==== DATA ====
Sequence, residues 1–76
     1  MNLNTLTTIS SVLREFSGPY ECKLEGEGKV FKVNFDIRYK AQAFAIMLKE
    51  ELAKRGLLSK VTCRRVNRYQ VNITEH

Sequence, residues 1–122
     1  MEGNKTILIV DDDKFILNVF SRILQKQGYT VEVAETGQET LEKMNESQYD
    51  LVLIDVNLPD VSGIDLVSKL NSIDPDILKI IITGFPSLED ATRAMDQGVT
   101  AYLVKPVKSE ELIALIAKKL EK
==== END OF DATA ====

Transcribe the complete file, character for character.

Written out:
Sequence, residues 1–76
     1  MNLNTLTTIS SVLREFSGPY ECKLEGEGKV FKVNFDIRYK AQAFAIMLKE
    51  ELAKRGLLSK VTCRRVNRYQ VNITEH

Sequence, residues 1–122
     1  MEGNKTILIV DDDKFILNVF SRILQKQGYT VEVAETGQET LEKMNESQYD
    51  LVLIDVNLPD VSGIDLVSKL NSIDPDILKI IITGFPSLED ATRAMDQGVT
   101  AYLVKPVKSE ELIALIAKKL EK